Monday, 26 August 2013

Prof Lipkin: There is no more sequence coming from that bat sample

Many thanks to Prof Ian Lipkin's indulgence of my eMail questions.
Also, check out the TWiV webcast by Prof Lipkin.

So, I guess to carry on from last night's post....I stand surprised. 

Not even next-generation sequencing could pull any more sequence from the MERS-CoV-positive T.perforatus bat samples that thawed after the dry shipper (not a box+dry ice as I previously guessed, but a vacuum sealed vessel previously brought to -150°C then all free liquid nitrogen removed for transport; shipped by FedEx) was opened and the cold chain interrupted after arriving from the Kingdom of Saudi Arabia (KSA). 

According to Prof Lipkin, in an email exchange we had last night, the group also tried a couple of runs of next-gen sequencing.

..we tried two separate ion torrent runs with no joy.

So why was only 1 October 2012 sample positive for the MERS-CoV strain? Prof Lipkin concludes that..


..the concentration of template was already extremely low in the sample at the time of field collection and lower still at the time of arrival in our Center. I would not be surprised if two aliquots of the same sample yielded different results in different labs. However, we will never have an opportunity to know because there is no more sample to test.

At the time of receiving the October samples (no MERS-CoV was found in the April samples), no viral gene/gene fragment/genome cloning had been done in Prof Lipkin's lab. A common potential source of PCR contamination ruled out. 

How does your group know that this 182 basepair nucleotide sequence was not a contaminant from somewhere else? 


The one sample came up positive repeatedly with the same assay. No other sample did so. We have recovered no other fragments that correlate with a MERS-like CoV in samples collected in the October 2012 or in the subsequent April 2013 field collections.

Antibodies were not sought in the massive 10μl of bat blood obtained per bat (the bats were released after sampling). But do these findings exclude the possibility that other bats, like those from genus Pipistrellus and Neoromicia (both from the family Vespertilionidae), or genus Nycteris, family Nycteridae, may be a host for MERS-CoV? At a World Health Organisation meeting in Cairo, Prof Lipkin told the the audience that..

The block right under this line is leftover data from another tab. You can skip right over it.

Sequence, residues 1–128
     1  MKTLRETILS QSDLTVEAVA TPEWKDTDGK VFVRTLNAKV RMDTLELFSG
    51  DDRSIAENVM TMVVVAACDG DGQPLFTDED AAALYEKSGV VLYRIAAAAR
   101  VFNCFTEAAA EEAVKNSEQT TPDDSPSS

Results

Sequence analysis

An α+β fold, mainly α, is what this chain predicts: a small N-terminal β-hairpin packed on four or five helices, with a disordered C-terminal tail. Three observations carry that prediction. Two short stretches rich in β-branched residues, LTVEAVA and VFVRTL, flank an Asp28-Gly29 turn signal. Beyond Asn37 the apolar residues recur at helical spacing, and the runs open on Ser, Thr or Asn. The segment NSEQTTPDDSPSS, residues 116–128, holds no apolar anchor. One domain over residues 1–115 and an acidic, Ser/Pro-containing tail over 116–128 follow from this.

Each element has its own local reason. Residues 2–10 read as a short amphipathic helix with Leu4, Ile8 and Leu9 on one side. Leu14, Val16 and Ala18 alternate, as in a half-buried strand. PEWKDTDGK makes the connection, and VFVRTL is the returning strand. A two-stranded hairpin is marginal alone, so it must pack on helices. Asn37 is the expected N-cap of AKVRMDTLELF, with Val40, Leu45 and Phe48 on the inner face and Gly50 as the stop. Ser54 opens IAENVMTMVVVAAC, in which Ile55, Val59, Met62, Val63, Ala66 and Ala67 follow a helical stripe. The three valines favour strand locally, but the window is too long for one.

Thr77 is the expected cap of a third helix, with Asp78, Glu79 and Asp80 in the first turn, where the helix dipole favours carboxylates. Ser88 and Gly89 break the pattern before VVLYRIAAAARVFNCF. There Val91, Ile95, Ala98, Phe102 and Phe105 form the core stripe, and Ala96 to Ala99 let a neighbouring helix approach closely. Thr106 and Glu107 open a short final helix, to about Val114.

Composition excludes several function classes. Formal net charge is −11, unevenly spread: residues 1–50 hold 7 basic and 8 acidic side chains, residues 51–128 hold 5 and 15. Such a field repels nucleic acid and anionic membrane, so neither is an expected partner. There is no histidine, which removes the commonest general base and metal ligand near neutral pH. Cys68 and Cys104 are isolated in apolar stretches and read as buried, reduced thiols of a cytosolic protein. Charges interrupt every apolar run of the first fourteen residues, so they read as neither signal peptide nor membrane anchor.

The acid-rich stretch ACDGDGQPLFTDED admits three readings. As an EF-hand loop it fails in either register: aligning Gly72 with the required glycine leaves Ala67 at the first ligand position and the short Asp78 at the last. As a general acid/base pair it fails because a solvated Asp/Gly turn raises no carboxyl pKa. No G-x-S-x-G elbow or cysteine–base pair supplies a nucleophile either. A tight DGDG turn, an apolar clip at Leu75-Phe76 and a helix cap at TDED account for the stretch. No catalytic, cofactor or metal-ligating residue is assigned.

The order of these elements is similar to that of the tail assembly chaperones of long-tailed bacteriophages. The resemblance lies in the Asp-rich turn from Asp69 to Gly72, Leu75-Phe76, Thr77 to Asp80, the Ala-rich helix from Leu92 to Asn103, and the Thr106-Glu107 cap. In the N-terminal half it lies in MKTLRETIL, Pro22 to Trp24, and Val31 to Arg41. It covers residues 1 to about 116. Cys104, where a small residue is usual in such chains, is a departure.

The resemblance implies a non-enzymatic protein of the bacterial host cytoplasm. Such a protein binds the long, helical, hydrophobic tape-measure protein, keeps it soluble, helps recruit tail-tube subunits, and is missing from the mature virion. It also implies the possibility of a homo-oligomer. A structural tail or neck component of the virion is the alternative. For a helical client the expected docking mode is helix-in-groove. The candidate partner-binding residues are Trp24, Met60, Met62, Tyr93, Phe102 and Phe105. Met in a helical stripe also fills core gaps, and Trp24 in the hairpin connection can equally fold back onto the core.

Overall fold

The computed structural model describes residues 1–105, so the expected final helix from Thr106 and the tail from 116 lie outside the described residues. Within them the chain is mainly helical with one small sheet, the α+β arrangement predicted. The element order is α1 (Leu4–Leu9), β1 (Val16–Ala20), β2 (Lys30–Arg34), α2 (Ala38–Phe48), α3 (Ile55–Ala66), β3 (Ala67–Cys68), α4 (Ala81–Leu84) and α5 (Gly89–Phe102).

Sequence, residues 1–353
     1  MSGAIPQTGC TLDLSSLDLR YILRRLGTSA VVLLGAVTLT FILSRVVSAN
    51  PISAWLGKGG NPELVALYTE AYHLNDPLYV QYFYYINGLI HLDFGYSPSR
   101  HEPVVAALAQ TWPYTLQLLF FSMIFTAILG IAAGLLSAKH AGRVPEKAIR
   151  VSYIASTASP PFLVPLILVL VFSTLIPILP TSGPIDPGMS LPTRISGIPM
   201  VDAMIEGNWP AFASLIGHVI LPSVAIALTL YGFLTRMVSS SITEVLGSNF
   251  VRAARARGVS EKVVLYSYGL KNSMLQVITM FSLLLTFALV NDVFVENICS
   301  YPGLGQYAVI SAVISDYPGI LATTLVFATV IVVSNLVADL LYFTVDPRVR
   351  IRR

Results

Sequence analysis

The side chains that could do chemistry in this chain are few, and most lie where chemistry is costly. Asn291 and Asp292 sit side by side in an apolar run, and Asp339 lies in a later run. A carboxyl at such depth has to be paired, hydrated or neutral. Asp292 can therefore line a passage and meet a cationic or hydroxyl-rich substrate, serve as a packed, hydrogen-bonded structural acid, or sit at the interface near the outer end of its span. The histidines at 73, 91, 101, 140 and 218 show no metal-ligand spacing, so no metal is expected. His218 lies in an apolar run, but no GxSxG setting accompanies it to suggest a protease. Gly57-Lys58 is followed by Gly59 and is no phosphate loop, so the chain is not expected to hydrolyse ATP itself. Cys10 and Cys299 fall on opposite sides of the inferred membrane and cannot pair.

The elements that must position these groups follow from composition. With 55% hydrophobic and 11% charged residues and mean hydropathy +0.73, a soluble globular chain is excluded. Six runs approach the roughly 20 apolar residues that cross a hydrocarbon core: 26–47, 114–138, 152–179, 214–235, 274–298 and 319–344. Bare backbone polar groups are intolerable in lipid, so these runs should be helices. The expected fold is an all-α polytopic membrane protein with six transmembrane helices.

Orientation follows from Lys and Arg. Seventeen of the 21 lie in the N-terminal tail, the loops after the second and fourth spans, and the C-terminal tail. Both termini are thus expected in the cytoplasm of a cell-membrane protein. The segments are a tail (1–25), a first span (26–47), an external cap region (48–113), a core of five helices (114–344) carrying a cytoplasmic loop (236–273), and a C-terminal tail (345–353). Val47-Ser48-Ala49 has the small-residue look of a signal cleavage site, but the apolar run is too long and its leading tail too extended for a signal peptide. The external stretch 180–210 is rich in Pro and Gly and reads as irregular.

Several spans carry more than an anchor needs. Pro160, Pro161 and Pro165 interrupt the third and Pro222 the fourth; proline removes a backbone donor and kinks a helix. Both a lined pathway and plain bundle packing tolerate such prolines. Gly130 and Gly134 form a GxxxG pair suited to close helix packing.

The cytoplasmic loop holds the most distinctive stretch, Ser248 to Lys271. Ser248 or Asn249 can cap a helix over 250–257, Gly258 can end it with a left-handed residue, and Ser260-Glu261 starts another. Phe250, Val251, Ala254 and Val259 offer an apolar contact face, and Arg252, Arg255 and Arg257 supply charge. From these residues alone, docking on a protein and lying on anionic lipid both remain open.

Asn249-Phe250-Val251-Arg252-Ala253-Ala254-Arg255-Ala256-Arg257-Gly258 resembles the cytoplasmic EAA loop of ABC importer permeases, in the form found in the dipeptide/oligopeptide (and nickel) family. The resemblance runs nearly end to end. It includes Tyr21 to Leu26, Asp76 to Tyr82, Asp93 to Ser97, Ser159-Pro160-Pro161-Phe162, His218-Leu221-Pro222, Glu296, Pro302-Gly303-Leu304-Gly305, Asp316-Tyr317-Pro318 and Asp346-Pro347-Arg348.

...our findings don't exclude the presence of virus in a Vesper bat and that we were doing everything anyone suggested to test alternative explanations, including reagent contamination. We went back to the original materials using every specific and consensus primer set we and others had designed until all of the original material was exhausted. The results were the same. I sat on these data for months hoping to find another positive bat in subsequent field expeditions where we could report more sequence.


The decision to report it now was multifactorial. First and foremost, we tested every possible alternative explanation for the sample coming up positive other than that this fragment is bona fide-we can't find an alternative explanation. Second, there are no other reports from animals in KSA-I discussed phylogenetic analyses with several people in light of what was found elsewhere in Africa in Vesper bats. This fragment, although short and located in the RdRp is informative....Third, the scientists who did the work in the US and the Ministry of Health of KSA wanted to see it reported. There is a point where one has to get the work out in the public domain.

What's next in the search for animals hosting this virus and in trying to confirm what the group has just reported? There will also be a new European collaborative report (UK and KSA) coming out very soon that has new human MERS-CoV sequences suggesting multiple human introductions (animal to human?) with much more sequence variation in the MERS-CoV genome than we have seen thus far. This will further support the conclusion that the T.perforatus CoV is one and the same virus as that which infects humans.


...field expeditions should begin in the next few months and we will look again. The amount of time and resource invested already is far more than intended. I've never put in so much to recover so little.

Thank you to Prof Lipkin. This gives a some valuable insight into his careful efforts to deduce what animals may host a MERS-CoV strain,m as the first step in tracking how humans in the KSA are getting infected. It also highlights that finding even a basic piece of information requires many steps, lots of people, much effort and some luck. But if virus hunting was easy, everyone would do it right?

Some slight editing for brevity, and to account for mobile phone thumbs, was undertaken by VDU.